Twelve Steps to Reducing Plagiarism

When protecting one's content, there are three pillars that they need to focus on: Prevention, Detection and Cessation. Any strategy that does not have at least some element of all three is doomed to fail.

However, developing a strategy based upon those pillars is not hard. In fact, each pillar can be met by a series of simple steps that any Webmaster, blogger or artist can do, regardless of their legal background.

Simply put, fighting plagiarism is not a question about whether or not you have a law degree, but rather, whether or not you are willing to invest the very modest amount of time required to do it.

Prevention

Prevention is possibly the most important step in fighting plagiarism. Without it, even the best detection and cessation methods will be quickly overwhelmed. It's also some of the easiest and most painless steps that a Webmaster can implement when trying to protect their work.

  1. Post a Clear Copyright Notice and Policy: Though the public at large is better educated about copyright issues than ever, many copyright myths do remain. You can stamp most of those myths out by posting a clear copyright notice and a clear copyright policy on your site. I personally recommend both the standard copyright notice (© name year) but also the use of a Creative Commons License.
  2. Watermark Your Images: Images are stolen as often, if not more often, than text. A visible watermark on your images will discourage that. The trick is striking a balance between a watermark that is invasive enough to be effective, meaning not easily removed, but also small enough to still enjoy the image. Sample watermarking software can be found here.
  3. Prevent Image Leeching: Image leeching, or hotlinking, hurts a Webmaster two ways. First, it takes their content, second, it also takes their bandwidth and costs them money. However, there are simple scripts which can prevent image hotlinking, limiting such uses to the originating site. Any Webmaster that invests significant creativity into their images needs to look at these scripts. Sadly, this eliminates many popular image hosting services as they do not have ways to restrict access to certain sites.
  4. Establish Yourself in the Community: While everyone has to start somewhere, establishing yourself in the community which you are working in is a great deterrent to plagiarism. If people know who you are, they are less likely to steal from you as they realize the chances of getting caught go up drastically. Even though this may not work for all sites in all genres, generally those who are better known are not plagiarized as often.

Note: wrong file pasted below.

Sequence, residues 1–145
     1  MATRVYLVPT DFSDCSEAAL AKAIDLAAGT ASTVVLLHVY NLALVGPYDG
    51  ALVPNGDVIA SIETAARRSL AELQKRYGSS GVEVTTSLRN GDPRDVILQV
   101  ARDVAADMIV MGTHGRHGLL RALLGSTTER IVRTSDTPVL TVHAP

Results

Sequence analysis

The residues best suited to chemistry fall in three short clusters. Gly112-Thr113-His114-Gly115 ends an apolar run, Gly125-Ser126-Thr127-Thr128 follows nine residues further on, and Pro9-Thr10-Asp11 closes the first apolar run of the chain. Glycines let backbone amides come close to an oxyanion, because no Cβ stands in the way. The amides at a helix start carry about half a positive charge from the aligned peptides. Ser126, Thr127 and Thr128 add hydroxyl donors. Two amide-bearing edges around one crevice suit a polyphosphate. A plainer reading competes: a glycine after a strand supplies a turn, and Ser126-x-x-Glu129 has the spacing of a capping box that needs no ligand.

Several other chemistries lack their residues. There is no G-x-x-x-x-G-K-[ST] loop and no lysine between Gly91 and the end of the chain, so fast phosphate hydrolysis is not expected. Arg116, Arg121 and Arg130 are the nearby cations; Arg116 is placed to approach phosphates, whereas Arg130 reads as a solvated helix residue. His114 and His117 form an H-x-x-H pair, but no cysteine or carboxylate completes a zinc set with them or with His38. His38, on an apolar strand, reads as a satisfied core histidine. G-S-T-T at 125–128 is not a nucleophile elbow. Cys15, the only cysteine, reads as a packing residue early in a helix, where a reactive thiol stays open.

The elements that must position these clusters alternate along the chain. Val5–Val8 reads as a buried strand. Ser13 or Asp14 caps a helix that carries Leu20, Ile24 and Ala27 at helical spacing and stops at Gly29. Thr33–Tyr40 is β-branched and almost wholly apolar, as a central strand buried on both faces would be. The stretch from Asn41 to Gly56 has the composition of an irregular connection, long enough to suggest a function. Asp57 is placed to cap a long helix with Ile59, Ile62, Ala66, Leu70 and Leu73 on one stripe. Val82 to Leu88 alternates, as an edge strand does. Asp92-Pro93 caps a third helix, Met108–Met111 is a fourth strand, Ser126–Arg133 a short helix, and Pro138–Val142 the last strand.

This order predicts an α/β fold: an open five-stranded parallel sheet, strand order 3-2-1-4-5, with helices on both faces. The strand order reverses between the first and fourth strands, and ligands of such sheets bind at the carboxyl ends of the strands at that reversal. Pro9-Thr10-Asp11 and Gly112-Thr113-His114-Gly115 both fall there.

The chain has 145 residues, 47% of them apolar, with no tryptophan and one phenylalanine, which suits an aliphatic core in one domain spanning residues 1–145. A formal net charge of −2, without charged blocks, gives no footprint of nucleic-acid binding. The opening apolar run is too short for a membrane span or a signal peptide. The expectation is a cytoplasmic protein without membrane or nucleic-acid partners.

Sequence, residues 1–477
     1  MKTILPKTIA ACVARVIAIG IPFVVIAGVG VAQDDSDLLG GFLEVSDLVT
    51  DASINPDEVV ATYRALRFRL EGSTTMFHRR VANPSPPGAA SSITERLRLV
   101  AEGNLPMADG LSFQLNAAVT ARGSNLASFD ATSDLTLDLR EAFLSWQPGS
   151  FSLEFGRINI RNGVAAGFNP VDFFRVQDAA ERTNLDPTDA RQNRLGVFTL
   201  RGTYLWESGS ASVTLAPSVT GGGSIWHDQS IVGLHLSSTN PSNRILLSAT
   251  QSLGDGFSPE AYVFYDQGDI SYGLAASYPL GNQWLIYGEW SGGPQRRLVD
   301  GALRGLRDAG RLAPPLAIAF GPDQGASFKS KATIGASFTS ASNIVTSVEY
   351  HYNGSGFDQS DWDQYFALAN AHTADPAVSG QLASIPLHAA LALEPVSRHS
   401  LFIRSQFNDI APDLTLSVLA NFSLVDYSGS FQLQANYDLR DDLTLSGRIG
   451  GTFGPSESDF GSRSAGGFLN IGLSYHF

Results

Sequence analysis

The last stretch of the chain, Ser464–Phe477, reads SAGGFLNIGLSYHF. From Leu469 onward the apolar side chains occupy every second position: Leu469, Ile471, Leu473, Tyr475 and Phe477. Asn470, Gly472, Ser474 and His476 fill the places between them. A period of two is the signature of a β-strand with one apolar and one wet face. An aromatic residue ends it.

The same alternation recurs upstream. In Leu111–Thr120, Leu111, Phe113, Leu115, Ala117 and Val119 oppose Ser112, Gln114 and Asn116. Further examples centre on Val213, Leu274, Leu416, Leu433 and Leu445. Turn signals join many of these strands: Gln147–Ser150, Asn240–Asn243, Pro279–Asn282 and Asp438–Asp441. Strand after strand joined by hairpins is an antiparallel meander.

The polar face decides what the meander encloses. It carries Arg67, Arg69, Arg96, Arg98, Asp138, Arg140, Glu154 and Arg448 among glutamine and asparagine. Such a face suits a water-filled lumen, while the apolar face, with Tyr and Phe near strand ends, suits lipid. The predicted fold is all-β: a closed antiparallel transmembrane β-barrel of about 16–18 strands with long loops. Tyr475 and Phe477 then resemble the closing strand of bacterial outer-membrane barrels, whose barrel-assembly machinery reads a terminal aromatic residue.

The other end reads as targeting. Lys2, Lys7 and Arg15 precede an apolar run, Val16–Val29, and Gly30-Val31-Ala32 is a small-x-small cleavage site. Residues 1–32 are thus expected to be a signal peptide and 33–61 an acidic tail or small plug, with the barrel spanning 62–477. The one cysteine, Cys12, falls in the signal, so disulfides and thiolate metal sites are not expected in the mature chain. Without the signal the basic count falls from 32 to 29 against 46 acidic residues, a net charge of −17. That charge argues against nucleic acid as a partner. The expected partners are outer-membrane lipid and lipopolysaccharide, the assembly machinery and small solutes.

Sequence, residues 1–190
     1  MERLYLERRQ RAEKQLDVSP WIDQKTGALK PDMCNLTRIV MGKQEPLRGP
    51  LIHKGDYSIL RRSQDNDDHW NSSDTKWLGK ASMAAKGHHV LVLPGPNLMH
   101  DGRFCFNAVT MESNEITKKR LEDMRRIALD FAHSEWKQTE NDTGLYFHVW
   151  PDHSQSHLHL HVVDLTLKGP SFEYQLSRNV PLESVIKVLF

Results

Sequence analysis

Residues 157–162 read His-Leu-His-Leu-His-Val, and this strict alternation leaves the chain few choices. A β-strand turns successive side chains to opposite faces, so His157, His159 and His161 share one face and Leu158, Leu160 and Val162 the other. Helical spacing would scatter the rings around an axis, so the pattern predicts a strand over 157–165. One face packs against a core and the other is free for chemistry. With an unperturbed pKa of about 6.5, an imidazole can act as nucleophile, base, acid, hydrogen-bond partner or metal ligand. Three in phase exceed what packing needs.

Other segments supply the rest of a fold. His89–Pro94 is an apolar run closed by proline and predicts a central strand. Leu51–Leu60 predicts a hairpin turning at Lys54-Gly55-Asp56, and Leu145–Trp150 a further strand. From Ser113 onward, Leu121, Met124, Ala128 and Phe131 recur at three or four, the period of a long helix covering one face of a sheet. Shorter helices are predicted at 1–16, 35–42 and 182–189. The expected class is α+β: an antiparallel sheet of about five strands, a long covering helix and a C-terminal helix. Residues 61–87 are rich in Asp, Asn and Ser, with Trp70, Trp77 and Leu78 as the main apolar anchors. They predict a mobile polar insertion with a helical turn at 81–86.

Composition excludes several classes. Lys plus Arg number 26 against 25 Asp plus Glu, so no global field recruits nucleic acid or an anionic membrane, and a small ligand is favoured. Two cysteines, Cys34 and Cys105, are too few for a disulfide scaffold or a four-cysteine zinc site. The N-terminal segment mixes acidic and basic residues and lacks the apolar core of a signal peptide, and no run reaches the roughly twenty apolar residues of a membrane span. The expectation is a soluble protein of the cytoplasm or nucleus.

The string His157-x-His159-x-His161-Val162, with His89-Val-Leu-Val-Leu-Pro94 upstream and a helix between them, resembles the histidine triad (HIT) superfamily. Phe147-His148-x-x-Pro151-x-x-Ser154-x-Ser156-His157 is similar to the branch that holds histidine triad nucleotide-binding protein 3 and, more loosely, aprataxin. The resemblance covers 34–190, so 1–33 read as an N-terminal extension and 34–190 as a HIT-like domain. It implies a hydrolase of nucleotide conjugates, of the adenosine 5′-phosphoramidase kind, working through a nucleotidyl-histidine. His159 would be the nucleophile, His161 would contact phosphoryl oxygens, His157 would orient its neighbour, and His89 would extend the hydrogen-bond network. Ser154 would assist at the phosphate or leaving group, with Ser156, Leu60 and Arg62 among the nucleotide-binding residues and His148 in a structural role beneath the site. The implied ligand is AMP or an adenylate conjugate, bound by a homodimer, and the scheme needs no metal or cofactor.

Detection

Detection is nothing more than discovering plagiarism. It doesn't stop a single case of plagiarism, but without it the copyright holder is deaf and blind to it. Thus, they are unable to do anything to stop it. Since most plagiarists rely upon their acts never being discovered, detection is also, in a way, effective prevention. More importantly though, it is a necessity for cessation to ever take place.

  1. Use Google Alerts: Google, through use of its free Google Alerts tool, provides the hands-down easiest and most effective way to detect plagiarism of static works. Creating alerts for unique phrases contained within your works, up to 32 words long, surrounded by quotes can help detect and alert you to plagiarism or legitimate reuse without having to perform manual searches. While this would be prohibitively complicated for blogs or other rapidly-changing content, this is an effective way to detect plagiarism of static works such as articles, poems, stories, essays and so forth.
  2. Use Feedburner: Feedburner is a great service for a lot of different reasons. It provides effective metrics and other usage information for your feed. but it also provides excellent protection against abuse of your feed. Feedburner's "Uncommon Uses" feature helps to detect scraping and splogging of an RSS feed, one of the greatest content theft threats affecting bloggers.